Parenting tips: Why rituals are important in family life
Rituals are things we do over and over again that become part of who we are and how we operate in the world. A simple ritual for many has become the first cup of coffee of the day, symbolising a beginning. For families and parents, it might be how you celebrate birthdays, high days or holidays. Regardless of what the rituals are, they do become an integral part of the fabric of family life. Part of our family brand, so to speak.
Why are rituals important in family life?
I believe rituals are an important part of:
- Creating shared memories
- Bonding as members of a family
- Creating emotional anchors to the family beliefs and value system
- Creating rites of passage
- Creating a unique family brand
What is a family brand and why is it important?
In the very ‘noisy’ world we live in, there is much interference that runs between children and their parents. I call this the noise of technology and the clutter of consumerism. Every brand is trying to connect with our children in some way to get a share of their heart, mind and to get some money out of our wallets! What this mean is that we as families have a lot of competition today, and every brand is screaming out a brand promise with values attached to it.
Understanding that families are a brand in themselves is important. We need to choose to compete – to be louder than, and more exciting than, these big commercial brands. And, remembering too, that we have one really big advantage – we get to connect with our kids face to face. What we do when we are together really does count because it connects deeply with our children who are longing to experience a sense of togetherness and belonging to the family unit. Family rituals can facilitate this beautifully, also helping our children to create their own identity and moral compass. Family is the primary values creator in society today and through family rituals we get to impart our values.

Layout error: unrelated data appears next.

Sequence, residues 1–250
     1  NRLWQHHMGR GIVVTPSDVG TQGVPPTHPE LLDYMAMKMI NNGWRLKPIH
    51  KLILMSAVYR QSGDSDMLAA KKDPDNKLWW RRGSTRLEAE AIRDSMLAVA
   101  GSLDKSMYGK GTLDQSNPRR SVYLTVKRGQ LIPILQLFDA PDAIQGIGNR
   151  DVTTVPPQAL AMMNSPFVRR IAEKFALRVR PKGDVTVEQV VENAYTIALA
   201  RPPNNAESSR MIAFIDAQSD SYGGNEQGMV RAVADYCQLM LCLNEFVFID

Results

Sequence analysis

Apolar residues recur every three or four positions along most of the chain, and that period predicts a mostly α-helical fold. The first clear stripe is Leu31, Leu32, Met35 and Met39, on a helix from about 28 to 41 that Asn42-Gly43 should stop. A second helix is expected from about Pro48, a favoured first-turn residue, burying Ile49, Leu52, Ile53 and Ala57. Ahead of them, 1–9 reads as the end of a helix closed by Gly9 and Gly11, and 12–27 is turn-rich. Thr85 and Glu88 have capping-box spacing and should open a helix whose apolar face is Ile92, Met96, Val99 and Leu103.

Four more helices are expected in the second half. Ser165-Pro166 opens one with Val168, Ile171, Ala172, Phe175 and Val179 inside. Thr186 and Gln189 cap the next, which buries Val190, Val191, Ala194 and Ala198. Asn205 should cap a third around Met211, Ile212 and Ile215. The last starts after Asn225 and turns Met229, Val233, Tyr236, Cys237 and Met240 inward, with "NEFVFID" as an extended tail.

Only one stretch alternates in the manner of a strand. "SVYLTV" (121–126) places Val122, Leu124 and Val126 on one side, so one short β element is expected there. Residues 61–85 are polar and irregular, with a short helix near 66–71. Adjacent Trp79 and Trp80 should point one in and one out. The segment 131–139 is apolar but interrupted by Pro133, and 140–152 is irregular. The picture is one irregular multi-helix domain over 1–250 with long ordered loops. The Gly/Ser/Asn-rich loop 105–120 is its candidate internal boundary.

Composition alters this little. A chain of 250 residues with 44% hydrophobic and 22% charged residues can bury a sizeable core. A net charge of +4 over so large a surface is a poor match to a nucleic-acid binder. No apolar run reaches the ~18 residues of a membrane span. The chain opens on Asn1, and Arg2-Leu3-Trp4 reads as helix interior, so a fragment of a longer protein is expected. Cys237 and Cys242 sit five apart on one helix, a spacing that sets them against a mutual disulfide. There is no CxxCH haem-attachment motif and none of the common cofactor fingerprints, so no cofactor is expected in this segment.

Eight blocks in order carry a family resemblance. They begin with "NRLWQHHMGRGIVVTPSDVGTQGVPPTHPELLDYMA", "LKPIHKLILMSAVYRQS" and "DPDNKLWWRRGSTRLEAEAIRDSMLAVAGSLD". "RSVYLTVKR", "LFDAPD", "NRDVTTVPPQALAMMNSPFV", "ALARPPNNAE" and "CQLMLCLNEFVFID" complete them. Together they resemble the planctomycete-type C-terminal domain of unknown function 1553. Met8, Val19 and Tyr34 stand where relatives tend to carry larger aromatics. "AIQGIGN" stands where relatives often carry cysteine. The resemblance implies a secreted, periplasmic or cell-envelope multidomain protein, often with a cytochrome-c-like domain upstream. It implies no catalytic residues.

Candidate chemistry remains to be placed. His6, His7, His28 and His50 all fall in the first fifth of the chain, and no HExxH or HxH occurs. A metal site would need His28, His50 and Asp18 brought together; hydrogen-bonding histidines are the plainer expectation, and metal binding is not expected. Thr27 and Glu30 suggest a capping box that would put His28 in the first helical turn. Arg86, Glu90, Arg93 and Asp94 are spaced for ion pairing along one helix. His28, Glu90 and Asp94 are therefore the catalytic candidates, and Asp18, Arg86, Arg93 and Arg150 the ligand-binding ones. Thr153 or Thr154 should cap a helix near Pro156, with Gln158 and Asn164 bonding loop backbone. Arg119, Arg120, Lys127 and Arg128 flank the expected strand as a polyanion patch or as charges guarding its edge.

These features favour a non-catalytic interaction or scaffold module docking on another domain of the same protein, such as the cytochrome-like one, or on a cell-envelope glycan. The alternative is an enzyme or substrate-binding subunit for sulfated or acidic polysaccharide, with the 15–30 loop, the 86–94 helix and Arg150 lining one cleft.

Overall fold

What’s the connection between Brand Family and rituals or traditions?
Brand Family has three pillars:
Rituals or family traditions convey our values, provide structure and create a feeling of togetherness and belonging. They provide a sense of ‘we are in this thing called life, together’.
Rituals are concrete experiences which give them much more power than a lecture from parents about the family values. Children learn best through real experiences that get them personally involved. The experience ultimately becomes the message, so to speak. The ‘doing’ leads to ‘being’.
This generation of children also live by the mantra, “Give me an experience and I will promise you a relationship,” which is another good reason to create memorable and creative family rituals.
Different types of rituals for kids
There are so many different types of rituals for different reasons:
- Eating around the dinner table
- Playing the Sweets and Sours game at dinner
- Having a family celebration plate
- Buy slap chips on the way home from church on Sundays
- Having take aways on Thursdays
- Have a games evening on Fridays
- Cooking a family roast on Sundays
- Where you stop to eat en route
- Games you play in the car
Family celebration rituals:
What you do for family birthdays
- Presents in the big bed on birthday mornings
- Decorating the doorway of the celebrant
- Balloons on their chair at the table
What you do for religious holidays
- Some specific rituals dictated by the religion concerned
- Eg. Fasting over Jewish and Islamic holidays
- Personalised rituals
Coming of age/rites of passage rituals:
- Baby naming ceremonies
- Christenings or blessings for babies
- Barmitzvahs/Batmitzvahs and other religious rites of passage
- Dropping the dummy
- Being allowed to light candles (the gift of fire)
- Coming of age – 21sts, etc.
- How we mark death in the family
And there is so much more!
To read more about how to develop your family brand, get hold of a copy of my book, Future-proof Your Child (Penguin, 2008) or book me to present a Future-proof Your Child or Parenting on the Run talk for your group in the work place, at your child’s school or for your parenting group.